The policymakers also indicated that interest rates would need to stay higher for longer in order to bring inflation back down to its 2 per cent target.

(Yui Mok/PA)

Andy Gregory3 August 2023 12:11


Rishi Sunak to meet inflation target under new Bank of England forecasts

UK inflation is expected to drop below 5 per cent in the final few months of 2023, allowing Rishi Sunak to meet his target of halving inflation by the end of the year, according to new projections from the Bank of England.

The Bank predicted that Consumer Prices Index (CPI) inflation will fall to 4.9 per cent in the final quarter and remain above 2 per cent until mid-2025.

The recent easing of price rises has been driven largely by a fall in international energy prices, which are set to reduce the average UK household’s energy bill to below £2,000 a year by October.

The Bank added in its report: “Food price inflation, which has a particularly large impact on the living costs of lower-income families due to it making up a larger share of these families’ budgets, remains extremely high.”

But it expects annual food inflation to fall to around 10 per ent by the end of the year as lower input prices make their way down the supply chain.

Andy Gregory3 August 2023 12:08


Interest rate hike is ‘wrong decision’ once again, says Unite

Trade union Unite has slammed the interest rate hike as the “wrong decision once more”, reports our political correspondent Archie Mitchell.

General secretary Sharon Graham said inflation is high not because of pay increases but “rampant profiteering” and “greedflation”.

She said: “There is no doubt – workers and their families are continuing to pay the price in this cost-of-living crisis.

“The economy is not working for everyday people and we need to make different choices. Until profiteering is tackled there can be no respite from continuing inflation.”

Andy Gregory3 August 2023 12:07


Bank of England must ‘make absolutely sure’ inflation returns to target, says Andrew Bailey

Commenting on the decision to hike interest rates by a further quarter-point to 5.25 per cent, Andrew Bailey, Governor of the Bank of England said: “Inflation is falling and that’s good news.

“We know that inflation hits the least well off hardest and we need to make absolutely sure that it falls all the way back to the 2 per cent target. That’s why we’ve raised rates to 5.25 per cent today.”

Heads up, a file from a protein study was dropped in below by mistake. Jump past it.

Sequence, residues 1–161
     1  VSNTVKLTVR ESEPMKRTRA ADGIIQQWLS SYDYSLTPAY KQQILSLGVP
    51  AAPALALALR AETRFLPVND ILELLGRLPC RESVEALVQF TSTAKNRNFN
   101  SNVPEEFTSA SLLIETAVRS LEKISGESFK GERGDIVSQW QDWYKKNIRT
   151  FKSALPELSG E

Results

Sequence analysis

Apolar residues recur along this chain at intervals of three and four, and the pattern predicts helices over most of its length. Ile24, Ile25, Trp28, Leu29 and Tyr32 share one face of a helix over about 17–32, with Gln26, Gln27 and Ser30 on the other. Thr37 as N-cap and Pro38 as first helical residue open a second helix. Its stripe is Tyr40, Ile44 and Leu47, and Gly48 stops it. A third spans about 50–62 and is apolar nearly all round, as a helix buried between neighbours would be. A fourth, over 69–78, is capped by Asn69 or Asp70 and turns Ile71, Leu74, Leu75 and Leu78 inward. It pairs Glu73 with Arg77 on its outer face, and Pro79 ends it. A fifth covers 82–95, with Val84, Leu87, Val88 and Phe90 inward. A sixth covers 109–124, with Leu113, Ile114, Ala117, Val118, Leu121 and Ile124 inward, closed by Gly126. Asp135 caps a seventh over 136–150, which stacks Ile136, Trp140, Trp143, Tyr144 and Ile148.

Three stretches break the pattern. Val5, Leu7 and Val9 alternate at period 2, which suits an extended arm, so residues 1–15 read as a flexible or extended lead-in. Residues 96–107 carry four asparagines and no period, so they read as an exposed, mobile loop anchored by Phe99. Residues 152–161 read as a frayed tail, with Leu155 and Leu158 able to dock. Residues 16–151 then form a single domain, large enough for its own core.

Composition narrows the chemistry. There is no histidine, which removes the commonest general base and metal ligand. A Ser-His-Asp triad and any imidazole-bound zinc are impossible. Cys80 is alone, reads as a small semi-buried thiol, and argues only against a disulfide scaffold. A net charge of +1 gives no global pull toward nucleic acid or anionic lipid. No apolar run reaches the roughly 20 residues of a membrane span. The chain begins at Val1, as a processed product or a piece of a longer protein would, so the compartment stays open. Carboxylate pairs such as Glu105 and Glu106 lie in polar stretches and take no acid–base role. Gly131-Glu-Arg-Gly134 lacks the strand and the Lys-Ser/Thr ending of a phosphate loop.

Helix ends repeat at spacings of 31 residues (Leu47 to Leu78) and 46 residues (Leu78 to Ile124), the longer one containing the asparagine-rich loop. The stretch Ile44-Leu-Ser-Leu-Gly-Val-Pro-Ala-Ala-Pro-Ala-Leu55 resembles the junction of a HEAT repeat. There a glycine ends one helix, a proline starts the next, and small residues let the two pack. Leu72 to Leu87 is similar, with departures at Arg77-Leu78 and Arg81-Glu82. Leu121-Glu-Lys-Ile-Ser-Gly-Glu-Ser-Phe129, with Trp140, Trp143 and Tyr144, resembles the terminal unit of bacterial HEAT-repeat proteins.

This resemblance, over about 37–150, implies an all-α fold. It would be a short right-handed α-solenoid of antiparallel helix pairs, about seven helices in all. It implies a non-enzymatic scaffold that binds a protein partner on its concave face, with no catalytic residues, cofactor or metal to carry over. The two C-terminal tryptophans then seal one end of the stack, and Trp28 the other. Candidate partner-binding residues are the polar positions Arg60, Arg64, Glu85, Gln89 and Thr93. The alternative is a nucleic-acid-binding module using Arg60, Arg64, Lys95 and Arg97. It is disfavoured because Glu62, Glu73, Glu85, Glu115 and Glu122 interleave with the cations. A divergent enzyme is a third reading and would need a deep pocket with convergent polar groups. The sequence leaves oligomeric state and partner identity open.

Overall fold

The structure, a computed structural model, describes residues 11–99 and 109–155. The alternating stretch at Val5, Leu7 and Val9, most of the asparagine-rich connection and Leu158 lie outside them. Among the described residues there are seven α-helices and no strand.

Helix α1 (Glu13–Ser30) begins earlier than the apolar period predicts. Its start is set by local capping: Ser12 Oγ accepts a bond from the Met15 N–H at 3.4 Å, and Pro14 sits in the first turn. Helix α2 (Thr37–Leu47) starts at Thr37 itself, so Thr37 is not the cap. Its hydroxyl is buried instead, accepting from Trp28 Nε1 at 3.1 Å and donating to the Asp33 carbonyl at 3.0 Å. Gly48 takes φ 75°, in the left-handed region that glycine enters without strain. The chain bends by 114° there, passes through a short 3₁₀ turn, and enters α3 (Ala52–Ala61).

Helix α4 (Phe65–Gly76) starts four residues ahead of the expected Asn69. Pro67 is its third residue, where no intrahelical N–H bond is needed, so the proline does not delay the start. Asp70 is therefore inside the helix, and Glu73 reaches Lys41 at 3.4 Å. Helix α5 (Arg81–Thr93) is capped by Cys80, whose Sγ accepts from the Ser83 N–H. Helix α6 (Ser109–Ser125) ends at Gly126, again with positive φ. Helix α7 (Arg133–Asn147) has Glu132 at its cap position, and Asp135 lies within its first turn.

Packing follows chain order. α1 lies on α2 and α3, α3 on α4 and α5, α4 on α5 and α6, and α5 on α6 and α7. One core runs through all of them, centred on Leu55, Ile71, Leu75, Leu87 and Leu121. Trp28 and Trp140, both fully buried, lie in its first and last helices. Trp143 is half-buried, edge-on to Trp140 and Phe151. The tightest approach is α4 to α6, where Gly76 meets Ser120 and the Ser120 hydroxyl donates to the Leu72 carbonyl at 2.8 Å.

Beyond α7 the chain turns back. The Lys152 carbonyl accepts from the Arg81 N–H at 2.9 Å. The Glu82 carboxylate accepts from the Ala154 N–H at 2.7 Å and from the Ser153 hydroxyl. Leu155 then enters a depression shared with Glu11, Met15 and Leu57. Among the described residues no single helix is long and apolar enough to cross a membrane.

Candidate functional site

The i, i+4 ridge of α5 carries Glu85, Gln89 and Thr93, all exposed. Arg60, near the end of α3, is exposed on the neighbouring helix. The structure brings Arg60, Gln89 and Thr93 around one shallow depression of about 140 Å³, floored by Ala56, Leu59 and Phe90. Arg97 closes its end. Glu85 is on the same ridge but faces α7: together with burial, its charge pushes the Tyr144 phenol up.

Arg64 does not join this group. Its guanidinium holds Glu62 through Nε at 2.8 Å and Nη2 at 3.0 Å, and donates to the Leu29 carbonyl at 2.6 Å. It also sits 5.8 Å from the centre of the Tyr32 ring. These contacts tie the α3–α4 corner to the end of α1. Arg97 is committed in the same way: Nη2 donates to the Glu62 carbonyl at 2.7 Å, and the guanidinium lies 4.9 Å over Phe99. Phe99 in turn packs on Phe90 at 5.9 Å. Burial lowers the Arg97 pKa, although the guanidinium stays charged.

Andy Gregory3 August 2023 12:04


Bank of England pushes rates to new 15-year high of 5.25 per cent

The Bank of England has hiked interest rates for a 14th consecutive time, further raising the cost of borrowing in its bid to tame stubborn inflation.

The central bank’s Monetary Policy Committee increased its base rate by a further 0.25 points to 5.25 per cent on Thursday, the highest level since February 2008.

It follows a shock rise of 0.5 per cent in June, which has piled pressure on mortgage holders and the housing market.

Economists, however, are eyeing an end to the current cycle of rate increases, after the latest inflation figures suggested that the price rises eating into household budgets were falling faster than expected.

You can refresh our breaking story below for updates:

Andy Gregory3 August 2023 12:02


UK economy set to ‘flatline at best’ after sluggish service sector growth

The UK’s economy is set to “flatline at best” after the dominant services sector suffered its most sluggish growth for six months in July, experts warned.

As firms were rocked by the impact of the rising cost of living and spiralling intrerest, the widely-watched S&P Global/CIPS UK services PMI survey showed a reading of 51.5 last month, down from 53.7 in June.

A reading above 50 indicates growth in the sector, which dominates the British economy and covers retail, hospitality and business and finance. But the sharp dip was the third consecutive slowdown in growth, pointing to potential stagnation in the economy.

It came just days after a similar survey showed bosses in manufacturing sector were the gloomiest they have been since the height of the first Covid lockdown.

Our political correspondent Archie Mitchell has the full report:

Andy Gregory3 August 2023 11:33